We’re tracking down InVision users inside the world’s most amazing companies to discover their favorite tools, inspirations, workspace must-haves, and the philosophy behind what makes them so awesome. This week we interviewed Chooake Wongwattanasilpa, Head of User Experience Design at PayPal, Asia-Pacific.
Tell us about your role and responsibilities at PayPal.
Leading the design team here, my responsibility is to make sure me and my team are always shipping something amazing. At the end of the day, the product has to go out the door no matter what. It has to matter for the user and it has to save time for merchants.
About 60 percent of my time is spent coaching and mentoring my team based on my experience. 30 percent is spent spent collaborating with other teams including project teams and the legal department for compliance, and then 10 percent is admin and management tasks.
Wireframing is dying – Prototyping is the way forward.
How did you get into design and what was your path into your current role?
I got a Master’s degree in Fine Arts at the School of the Art Institute of Chicago. When I graduated in 2000, the online movement was gaining momentum so I started to learn how to code and how to design web products.
Relocating to Silicon Valley in 2006, I joined PayPal working on the checkout product. After about three and a half years we realized in order to grow the Asia-Pacific business, we needed a design team in the region, so I moved to Singapore four years ago and have built up a team from 1 person to about 18 people.
What are the three critical elements of an effective workspace?
There are definitely a few things I couldn’t live without:
- Wacom tablet – I have it on my work desk and use it all the time (even in a coffee shop).
- Noise-Cancelling headphones – They help me focus when I’m designing.
- iPad Mini – I do lots of note-taking in Evernote.
What are some of the tools you use in the design process?
There’s a definitely a few:
- Whiteboard – I usually start with a whiteboard and invite the key people on a project in. I use a whiteboard to understand the key problems we are trying to solve.
- Omnigraffle – I do some quick wireframing in Omnigraffle and before moving on to prototyping.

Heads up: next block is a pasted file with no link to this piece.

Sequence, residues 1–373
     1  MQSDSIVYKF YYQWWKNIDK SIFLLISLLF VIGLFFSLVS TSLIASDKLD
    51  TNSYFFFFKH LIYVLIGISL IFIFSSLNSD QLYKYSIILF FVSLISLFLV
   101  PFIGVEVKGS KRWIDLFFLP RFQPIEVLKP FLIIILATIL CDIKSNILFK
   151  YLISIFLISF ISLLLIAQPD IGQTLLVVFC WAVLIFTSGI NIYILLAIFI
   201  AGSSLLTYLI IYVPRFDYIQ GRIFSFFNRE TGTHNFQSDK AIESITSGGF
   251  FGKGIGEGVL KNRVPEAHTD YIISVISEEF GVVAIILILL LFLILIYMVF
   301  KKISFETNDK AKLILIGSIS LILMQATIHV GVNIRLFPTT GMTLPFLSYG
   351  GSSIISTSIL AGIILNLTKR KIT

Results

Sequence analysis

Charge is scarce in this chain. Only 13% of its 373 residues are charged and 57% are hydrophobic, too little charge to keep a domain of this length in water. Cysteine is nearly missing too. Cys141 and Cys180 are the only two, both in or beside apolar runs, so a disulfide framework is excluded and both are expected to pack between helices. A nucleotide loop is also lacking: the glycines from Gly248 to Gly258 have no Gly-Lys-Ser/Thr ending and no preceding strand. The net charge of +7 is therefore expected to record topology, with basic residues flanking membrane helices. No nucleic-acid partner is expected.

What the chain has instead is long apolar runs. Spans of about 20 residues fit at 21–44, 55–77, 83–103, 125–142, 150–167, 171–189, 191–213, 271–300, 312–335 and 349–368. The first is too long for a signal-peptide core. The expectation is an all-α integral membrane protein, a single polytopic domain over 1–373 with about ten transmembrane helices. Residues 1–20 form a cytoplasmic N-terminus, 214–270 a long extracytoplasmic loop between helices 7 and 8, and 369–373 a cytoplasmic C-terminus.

- Photoshop – I do the full visual design in Photoshop as per our brand and UI guidelines.
- InVision – For turning those designs into clickable prototypes, building the interaction, and then collecting feedback.
Designers, more so than ever, need to keep up with changing expectations.
What equipment are you using and how does it help you do your job effectively?
I use a MacBook Pro with Retina Display hooked up to a 27-inch Cinema Display. I know this a pretty standard setup for designers but it just works.
What design blogs, news sites or magazines are you loving at the moment?
I read a few blogs and online sources to keep up to date, including:
- Smashing Magazine
- .Net Magazine
- IdN Magazine
- The Verge
- 52 Weeks of UX
- Adaptive Path
- Fast Company
- Site Inspire
- Design Inspiration
I also follow a few people on Dribbble and Béhance, including:
Who do you follow on Twitter who you think is awesome?
Where do you look for inspiration for your designs?
I look to a lot of different sources for inspiration, particularly architecture, aquascape and paper art & culture.
I read a lot of magazines and books on product design as well as a number of Japanese architecture books so I can understand human evolution and design principles.
To be a great designer you not only need to be good at design, but you need to know how to sell your ideas.
What do you think are the wider industry trends that are changing the nature of your role?
The web is speeding up, transitioning from low bandwidth with static images to become a more interactive place.
The internet is now handling more multimedia content including video, parallax scrolling, and interaction. That’s a good thing for products but the drawback is that, as designers, we need to learn faster.
Previously we were able to design and hand over wireframes, but now with heightened interactivity in the mix, that’s no longer effective. Wireframing is dying – Prototyping is the way forward. Handing off design specs as a wireframe just isn’t enough anymore.
Designers, more so than ever, need to keep up with changing expectations – they need to know how to optimize pages and find a balance between rich interactivity and speed.
What, in your opinion, separates a good designer from a great one?
I think to be a great designer you not only need to be good at design, but you need to know how to sell your ideas. There are so many designers who produce good work but they fall short because they can’t sell their ideas. Steve Jobs is a great example of someone who knew how to weave a story around the benefits of a product. It always comes back to communication.